Most of us think some scholars in the humanities are responsible for “everything is a social construction” kind of reasoning, or for “since there are many points of view there can be no absolute truth.” However, the real ones responsible for relativism were the Sophists and Heraclitus in Ancient Greece. Although relativism has changed a lot since then.
You could not step twice into the same rivers; for other waters are ever flowing on to you. — Heraclitus.
However, there are still those who attribute to Einstein the idea that everything is “relative”, which is quite rude, after all, Einstein did not support this way of thinking. For him, time is relative because the speed of light is a universal constant. Moreover, the term “relativity” already existed in Newtonian physics.
What another large number of people do not know is that even the most recent theories in physics and in mathematics still do not seem to be able to overcome relativism. Do you want to know why these theories cannot achieve that result?
Because of Kurt Gödel, Nietzsche, and Spinoza.
Relativism still exists because of these great thinkers. We cannot yet reach the ultimate concepts about the limits of our thoughts, and it is their fault. These three intellectuals posed big problems for deterministic philosophies. And if everyone, somehow, ignored these three, then, we would be living in a very stupid tyranny ruled by collective stupidity (even greater than the one in which we live nowadays).
Spinoza: “to err is human.”
(Spinoza in Political Treatise, chapter 2, paragraph 12, 1677).
Nietzsche: "what does not kill me makes me stronger."
(Friedrich Nietzsche in Twilight of the Idols, part of aphorism number 8 from the “Maxims and Arrows” section, 1888).
These quotes are commonly taken as popular proverbs, but they originally belong to these thinkers who contributed heap-loads to the shape of Western culture.
- For Spinoza, the best social organization possible should not prohibit human errors but take them into account (we should even take more care of them). Therefore, for him, humanity should learn to live in harmony with its own flaws. Unfortunately, for some people his ideas were “forged in hell”, and he was indeed persecuted much in his time. Yet all he did was set out and justify the secular state rules for any liberal constitution, and reconcile the idea of human freedom with the belief in scientific explanation. In short, he was one of the first members of the Enlightenment movement and maybe the last medieval philosopher (in time but certainly far from medieval in thought).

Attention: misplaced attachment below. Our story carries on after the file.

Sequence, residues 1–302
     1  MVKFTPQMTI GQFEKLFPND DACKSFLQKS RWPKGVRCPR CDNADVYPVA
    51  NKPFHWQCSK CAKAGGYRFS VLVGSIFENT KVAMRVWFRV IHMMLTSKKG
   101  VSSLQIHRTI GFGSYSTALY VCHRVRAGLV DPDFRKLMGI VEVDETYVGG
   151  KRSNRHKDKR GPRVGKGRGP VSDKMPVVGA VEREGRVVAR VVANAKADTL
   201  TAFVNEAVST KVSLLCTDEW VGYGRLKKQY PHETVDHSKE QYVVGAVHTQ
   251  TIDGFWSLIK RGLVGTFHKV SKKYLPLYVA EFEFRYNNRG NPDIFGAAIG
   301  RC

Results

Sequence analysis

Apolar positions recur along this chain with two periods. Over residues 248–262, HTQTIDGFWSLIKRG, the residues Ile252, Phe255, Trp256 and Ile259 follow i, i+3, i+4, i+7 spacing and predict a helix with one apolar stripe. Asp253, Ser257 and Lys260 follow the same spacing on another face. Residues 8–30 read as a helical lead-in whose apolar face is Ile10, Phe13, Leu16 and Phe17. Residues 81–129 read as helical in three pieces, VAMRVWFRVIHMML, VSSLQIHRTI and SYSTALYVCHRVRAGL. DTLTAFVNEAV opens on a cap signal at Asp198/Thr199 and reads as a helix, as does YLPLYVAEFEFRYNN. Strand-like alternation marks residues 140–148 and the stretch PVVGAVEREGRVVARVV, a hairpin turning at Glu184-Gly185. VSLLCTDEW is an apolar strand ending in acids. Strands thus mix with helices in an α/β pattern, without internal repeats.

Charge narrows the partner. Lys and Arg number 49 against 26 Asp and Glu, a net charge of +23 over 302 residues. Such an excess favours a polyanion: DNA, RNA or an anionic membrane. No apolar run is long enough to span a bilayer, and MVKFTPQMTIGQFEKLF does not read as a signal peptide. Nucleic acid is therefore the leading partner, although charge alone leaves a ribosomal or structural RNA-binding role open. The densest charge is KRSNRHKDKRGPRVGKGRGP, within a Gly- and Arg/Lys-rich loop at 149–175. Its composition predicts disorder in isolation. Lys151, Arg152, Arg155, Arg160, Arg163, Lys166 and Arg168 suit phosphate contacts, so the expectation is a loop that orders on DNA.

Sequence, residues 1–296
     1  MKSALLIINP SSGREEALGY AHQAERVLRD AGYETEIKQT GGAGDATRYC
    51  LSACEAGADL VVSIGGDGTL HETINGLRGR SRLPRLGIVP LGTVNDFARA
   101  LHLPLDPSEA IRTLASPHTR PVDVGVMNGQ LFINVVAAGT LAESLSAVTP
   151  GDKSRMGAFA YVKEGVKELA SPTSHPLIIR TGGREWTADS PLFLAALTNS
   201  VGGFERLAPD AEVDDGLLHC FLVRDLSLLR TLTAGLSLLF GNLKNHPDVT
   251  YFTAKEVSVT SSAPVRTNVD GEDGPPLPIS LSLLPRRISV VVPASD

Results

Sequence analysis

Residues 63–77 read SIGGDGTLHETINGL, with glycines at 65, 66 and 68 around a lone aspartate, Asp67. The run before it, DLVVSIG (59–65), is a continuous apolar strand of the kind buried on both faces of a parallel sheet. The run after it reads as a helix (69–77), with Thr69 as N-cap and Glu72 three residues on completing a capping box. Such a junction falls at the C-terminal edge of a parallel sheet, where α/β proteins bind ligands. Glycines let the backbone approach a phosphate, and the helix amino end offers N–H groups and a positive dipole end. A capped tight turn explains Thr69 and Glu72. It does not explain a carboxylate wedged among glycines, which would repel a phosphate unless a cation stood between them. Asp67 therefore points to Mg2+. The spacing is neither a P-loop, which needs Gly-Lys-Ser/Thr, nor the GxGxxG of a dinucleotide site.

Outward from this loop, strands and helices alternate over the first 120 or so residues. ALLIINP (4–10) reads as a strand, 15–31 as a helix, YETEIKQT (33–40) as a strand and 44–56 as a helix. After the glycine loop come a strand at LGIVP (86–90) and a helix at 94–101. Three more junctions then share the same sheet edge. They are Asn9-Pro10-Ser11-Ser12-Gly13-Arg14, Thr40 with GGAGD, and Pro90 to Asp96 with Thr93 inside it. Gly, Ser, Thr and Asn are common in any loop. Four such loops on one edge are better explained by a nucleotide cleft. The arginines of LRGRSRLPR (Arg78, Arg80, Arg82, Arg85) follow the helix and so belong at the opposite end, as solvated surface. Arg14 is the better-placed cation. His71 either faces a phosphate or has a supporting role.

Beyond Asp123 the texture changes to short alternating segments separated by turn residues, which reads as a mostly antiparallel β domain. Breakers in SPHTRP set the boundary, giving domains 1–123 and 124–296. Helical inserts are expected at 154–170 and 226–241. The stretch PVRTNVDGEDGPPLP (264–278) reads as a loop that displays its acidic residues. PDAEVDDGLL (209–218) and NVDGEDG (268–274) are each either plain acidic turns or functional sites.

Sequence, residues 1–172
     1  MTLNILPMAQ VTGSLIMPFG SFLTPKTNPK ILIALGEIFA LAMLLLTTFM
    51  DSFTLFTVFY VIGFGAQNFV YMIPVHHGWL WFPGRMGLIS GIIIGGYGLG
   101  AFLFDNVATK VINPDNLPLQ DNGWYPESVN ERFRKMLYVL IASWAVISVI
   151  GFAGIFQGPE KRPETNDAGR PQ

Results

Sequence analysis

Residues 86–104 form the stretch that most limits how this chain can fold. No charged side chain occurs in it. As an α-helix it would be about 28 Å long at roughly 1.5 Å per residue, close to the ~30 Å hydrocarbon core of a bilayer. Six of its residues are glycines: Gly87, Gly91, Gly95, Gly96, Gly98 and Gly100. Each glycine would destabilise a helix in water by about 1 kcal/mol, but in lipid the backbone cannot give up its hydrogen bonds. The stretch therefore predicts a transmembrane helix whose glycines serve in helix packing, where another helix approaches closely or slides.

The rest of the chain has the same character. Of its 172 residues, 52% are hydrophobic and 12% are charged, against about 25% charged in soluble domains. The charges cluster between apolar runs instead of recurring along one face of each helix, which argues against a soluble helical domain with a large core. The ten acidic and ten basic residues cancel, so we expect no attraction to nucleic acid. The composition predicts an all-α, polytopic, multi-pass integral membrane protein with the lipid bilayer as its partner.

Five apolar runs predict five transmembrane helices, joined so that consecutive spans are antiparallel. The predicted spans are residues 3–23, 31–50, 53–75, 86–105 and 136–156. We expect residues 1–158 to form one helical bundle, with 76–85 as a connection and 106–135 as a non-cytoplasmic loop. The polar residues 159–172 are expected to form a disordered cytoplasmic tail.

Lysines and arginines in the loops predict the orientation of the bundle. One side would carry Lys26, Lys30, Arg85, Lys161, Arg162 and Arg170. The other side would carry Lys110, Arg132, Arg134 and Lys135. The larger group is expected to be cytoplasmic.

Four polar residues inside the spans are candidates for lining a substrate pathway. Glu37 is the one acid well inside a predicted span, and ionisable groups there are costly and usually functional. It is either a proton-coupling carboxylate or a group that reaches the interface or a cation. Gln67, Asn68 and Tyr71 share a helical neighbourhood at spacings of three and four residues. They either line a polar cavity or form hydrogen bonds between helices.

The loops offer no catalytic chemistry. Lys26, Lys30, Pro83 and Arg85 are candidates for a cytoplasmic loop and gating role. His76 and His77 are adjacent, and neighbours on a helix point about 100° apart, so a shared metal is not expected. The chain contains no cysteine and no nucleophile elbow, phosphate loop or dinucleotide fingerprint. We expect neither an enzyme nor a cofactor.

- Nietzsche, on the other hand, was more radical than Spinoza. He subverted all Socratic-Christian ethics. For Nietzsche, there is no “good vs evil”. This division of the world is, for him, very limited, and causes us to fail to understand that everything changes (yes, he was a big fan of Heraclitus).
These two, Spinoza (1) and Nietzsche (2), greatly strengthened relativism in the history of Western thought. However, there was still one last stronghold for universal truths: mathematics.
This is what Nietzsche thought about mathematics:
“History, so far as it serves life, serves an unhistorical power. While so subordinated it will and ought never, therefore, become a pure science like, say, mathematics.” Nietzsche in On the Advantage and Disadvantage of History for Life, last paragraph of section 1, 1874.
For Nietzsche, the history of mathematics would not be like human history (full of twists and turns). Mathematics, according to him, is a “pure science”. However, in 1931 Gödel proved Nietzsche wrong. With his Incompleteness Theorems, Gödel demonstrated that any system of ideas that works with “fundamental propositions” should take into account that outside that system there may be other propositions that would contradict the former ones. Thus, even mathematics could one day change dramatically. Therefore, mathematics could not yet prove it is a complete, closed and consistent system.
Yes, Gödel, Nietzsche, and Spinoza are still largely responsible for modern-day relativism. Now that you know that, maybe you can think of a better way to approach this topic (either you like relativism or not). So, please, don’t blame Trump or any other moron for it.
If you want to learn more about Gödel I suggest Rebbecca Goldstein’s Incompleteness: the proof and paradox of Kurt Gödel, 2005.
If you want to learn more about Spinoza I suggest Roger Scruton’s Spinoza: A Very Short Introduction, 2002.
And to understand the relation between Nietzsche and French philosophy, or between Nietzsche and post-modernity, I suggest the article Postmodernism, 2015, in Stanford's, open and online, Encyclopedia of Philosophy (by Gary Aylesworth). In this article, the word ‘Nietzsche’ appears 67 times.
You can find a very complete guide to Relativism also on Standford Encyclopedia of Philosophy: Relativism, 2015. By Baghramian, M. and J. A., Carter.
And Ian Hacking may help explain more extensively what “social construction” means in his The Social Construction of what? (1999).